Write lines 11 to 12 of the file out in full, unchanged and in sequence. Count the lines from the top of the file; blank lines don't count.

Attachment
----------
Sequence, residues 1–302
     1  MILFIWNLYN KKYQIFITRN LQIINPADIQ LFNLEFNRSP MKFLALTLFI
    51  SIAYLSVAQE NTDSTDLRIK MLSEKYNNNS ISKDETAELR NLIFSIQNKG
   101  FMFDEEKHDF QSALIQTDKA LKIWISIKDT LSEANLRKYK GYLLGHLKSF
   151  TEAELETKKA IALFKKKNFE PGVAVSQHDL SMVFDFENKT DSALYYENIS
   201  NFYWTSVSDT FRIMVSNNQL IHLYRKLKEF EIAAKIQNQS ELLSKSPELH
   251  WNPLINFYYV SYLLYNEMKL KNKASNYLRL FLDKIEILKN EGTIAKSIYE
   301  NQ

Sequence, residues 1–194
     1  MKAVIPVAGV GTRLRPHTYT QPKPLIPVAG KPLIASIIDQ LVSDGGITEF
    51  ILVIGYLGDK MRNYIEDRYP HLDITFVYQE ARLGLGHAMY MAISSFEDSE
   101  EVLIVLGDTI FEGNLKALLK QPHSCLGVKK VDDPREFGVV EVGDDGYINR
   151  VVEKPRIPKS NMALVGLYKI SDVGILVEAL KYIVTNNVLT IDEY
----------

    51  ILVIGYLGDK MRNYIEDRYP HLDITFVYQE ARLGLGHAMY MAISSFEDSE
   101  EVLIVLGDTI FEGNLKALLK QPHSCLGVKK VDDPREFGVV EVGDDGYINR